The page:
September 1, 2013 by Dragonfly Diva
Waiting, wait time, cooling your heels, being patient, taking your turn. Let’s face it in our present society norm, waiting is not something that any one does easily. We are to a point where sitting back and just BEING while waiting makes one’s blood pressure rise. Some people might even feel stressed unless they can come up with something to do to fill the void in activity.
Think about it. What do you do when waiting in line at the check out counter at the grocery store?
Do you read the magazine titles? Pick one up and leaf through it? Scan the candy bar and gum racks?
Check your email on your phone? Play Words with Friends? Check out friends’ statuses on Facebook? Have you ever in a really long line resorted to reading the back of the boxes and bags of food in your cart? (Yeah, I’m guilty of that one. If you don’t understand that go read my last post about reading at breakfast.)
What do you do when you are popping microwave popcorn? That’s about two to three minutes worth of wait time.
Do you stand patiently in front of the microwave and watch the bag get bigger? Do you shift your weight from foot to foot? Do you find something else to do in the kitchen to pass the time? (I’ve learned you can load/unload a lot of dishes from the dishwasher in three minutes.)
In my work life I help early childhood teachers learn and implement best practices within their classrooms. One of the points my staff and I work to teach is that it is HARD for children to experience wait time during their day. Try taking a group of preschool children to the water fountain down the hall and see if everyone waits patiently for their turn to get a drink.
More than likely mischief will occur. In a group of children who are able to monitor and maintain their behavior it will most likely manifest itself in fidgeting. In a group where children are less mature you will ultimately see unacceptable behavior – hitting, pushing, running around, etc. Or, behaviors that will lead to unacceptable ones – getting in each others faces, etc. So, best practice for teachers is to structure their schedules to reduce the amount of time where children have to wait with nothing to do. Less than 3 minutes is ideal. So teachers could sing songs with children, read a story, do finger plays or bring out a special puppet just for those transition times when waiting is unavoidable.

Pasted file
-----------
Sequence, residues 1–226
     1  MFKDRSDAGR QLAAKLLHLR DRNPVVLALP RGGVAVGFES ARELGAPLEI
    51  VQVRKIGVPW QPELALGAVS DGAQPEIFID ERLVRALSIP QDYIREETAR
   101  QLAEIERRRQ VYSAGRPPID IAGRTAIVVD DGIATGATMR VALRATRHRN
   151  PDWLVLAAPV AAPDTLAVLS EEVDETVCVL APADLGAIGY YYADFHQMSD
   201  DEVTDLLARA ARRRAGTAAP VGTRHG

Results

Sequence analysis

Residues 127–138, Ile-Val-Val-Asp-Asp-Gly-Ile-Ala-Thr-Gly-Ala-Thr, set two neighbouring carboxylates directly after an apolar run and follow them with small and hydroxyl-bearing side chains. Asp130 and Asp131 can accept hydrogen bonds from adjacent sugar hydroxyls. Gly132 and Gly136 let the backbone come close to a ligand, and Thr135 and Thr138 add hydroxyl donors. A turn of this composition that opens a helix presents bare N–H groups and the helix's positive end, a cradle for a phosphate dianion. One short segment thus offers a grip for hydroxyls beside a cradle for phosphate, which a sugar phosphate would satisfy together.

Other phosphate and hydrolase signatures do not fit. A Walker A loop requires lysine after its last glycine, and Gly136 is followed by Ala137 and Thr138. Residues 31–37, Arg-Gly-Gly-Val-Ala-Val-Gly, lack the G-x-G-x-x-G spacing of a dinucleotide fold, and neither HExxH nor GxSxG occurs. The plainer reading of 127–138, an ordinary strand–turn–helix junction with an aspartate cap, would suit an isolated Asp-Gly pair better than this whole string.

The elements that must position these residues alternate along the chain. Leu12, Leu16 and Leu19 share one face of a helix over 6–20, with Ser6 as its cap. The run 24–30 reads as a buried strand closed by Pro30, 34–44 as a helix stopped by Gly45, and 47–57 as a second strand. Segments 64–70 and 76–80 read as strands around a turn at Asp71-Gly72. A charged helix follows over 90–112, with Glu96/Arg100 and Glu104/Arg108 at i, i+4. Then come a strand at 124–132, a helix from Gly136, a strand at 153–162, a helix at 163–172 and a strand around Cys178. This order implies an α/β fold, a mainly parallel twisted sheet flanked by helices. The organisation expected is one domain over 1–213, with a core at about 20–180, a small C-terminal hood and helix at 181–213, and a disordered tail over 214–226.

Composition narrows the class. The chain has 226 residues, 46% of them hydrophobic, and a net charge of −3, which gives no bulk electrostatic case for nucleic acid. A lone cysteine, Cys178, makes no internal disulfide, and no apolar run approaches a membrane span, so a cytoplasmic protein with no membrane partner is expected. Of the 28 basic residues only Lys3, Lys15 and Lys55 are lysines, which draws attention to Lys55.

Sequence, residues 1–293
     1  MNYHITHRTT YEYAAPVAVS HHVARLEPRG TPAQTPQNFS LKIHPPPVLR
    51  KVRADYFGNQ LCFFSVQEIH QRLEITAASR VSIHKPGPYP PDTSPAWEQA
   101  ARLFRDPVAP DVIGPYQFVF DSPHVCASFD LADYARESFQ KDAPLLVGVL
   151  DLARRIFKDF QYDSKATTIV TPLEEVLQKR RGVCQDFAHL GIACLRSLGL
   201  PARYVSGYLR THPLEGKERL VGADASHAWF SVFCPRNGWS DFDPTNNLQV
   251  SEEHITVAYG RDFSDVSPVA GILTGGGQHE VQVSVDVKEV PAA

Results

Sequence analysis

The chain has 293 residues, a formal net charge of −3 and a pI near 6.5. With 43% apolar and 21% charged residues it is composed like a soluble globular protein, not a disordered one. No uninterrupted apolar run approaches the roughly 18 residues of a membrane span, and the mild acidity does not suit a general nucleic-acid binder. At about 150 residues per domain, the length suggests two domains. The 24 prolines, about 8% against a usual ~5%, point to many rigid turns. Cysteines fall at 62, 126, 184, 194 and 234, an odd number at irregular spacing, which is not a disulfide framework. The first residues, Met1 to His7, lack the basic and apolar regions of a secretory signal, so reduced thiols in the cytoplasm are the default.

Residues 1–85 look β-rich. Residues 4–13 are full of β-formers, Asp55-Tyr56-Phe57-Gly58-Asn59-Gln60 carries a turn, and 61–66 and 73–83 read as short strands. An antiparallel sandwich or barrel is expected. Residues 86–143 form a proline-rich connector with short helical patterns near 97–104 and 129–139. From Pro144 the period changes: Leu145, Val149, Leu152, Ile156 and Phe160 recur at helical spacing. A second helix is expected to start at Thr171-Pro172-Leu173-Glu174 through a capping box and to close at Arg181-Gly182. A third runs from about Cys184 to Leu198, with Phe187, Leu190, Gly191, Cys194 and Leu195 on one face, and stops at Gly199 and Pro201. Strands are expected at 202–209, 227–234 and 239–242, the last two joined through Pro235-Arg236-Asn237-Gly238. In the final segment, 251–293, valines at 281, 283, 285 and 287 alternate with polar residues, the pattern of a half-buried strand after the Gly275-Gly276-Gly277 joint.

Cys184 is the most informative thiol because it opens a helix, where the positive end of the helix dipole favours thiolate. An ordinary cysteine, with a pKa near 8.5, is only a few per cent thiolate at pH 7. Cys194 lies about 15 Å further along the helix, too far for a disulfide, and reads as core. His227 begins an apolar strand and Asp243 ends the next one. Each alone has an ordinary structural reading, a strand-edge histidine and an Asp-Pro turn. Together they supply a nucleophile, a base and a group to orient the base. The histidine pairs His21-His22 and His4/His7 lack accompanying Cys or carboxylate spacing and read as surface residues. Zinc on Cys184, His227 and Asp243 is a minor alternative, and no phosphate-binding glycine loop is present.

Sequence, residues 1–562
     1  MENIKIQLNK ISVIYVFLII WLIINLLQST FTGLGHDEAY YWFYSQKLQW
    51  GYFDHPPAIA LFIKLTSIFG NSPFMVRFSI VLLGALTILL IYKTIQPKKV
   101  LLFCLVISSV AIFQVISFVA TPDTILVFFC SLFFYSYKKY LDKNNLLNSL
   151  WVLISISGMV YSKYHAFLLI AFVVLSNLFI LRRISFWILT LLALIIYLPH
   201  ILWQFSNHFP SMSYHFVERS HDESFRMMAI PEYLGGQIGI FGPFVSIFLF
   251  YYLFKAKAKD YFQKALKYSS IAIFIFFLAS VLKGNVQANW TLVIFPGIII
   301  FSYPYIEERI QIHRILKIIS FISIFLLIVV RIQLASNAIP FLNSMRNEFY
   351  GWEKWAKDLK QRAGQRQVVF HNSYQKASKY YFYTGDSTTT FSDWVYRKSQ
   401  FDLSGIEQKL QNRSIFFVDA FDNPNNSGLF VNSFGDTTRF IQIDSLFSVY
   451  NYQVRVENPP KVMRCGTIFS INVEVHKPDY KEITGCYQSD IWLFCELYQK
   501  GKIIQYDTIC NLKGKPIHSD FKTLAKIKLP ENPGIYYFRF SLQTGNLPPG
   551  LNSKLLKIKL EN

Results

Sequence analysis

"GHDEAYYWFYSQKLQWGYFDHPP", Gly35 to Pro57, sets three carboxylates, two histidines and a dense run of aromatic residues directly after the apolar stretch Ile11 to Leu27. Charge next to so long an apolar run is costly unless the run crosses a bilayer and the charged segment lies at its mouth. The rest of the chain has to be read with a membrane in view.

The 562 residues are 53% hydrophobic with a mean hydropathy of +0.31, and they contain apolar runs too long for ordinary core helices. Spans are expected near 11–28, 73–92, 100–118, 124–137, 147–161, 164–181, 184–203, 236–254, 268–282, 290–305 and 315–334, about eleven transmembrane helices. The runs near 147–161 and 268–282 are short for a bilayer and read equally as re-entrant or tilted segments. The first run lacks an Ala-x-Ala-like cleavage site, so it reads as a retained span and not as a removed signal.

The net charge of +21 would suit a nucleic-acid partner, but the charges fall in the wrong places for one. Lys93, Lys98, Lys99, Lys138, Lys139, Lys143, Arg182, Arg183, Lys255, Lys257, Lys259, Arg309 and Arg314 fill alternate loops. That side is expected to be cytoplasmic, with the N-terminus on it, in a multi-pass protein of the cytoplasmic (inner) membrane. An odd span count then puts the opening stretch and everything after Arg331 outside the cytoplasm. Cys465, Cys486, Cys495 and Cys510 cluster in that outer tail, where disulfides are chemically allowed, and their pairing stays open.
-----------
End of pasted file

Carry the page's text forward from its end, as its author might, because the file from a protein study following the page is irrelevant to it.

Remember my microwave popcorn example…three minutes? And a long line at the grocery store could be four to five times that long if not longer. It’s not just children these days that have a hard time waiting. Adults are just as antsy. And there in lies the heart of my topic today.
Instead of being a society where we have learned the skills and embraced the value of down time, we are a society that is always on. So I wonder, are we doing children a disservice by not teaching those skills as they grow and mature. I’m not saying trying to take preschoolers and MAKE them sit still and commune with silence. They are just not ready for that. But I do mean that over the coming years to adulthood how do we encourage comfort in silence and stillness and deep breaths and peace? I don’t believe we do.
We over book our time and our children’s time. We are always on the computer, or cell phone, or e-reader, or in front of the TV. We tweet and we update our statuses, and we check in to see what the rest of the word is up to. Maybe its time to learn some skills that have been lost over the years to people.
Just simply being. Listening to silence, or the chirp of crickets on a warm summer evening; sitting with a friend and just enjoying his company or walking down the street hand in hand. Suddenly those times that were all about waiting, are no longer just spaces to be filled but times to recoup from the hectic pace, to rest our weary minds and breathe in some of the peace that really is out there among the chaos.
How do you handle waiting? As a void to fill or a welcome respite? Please share!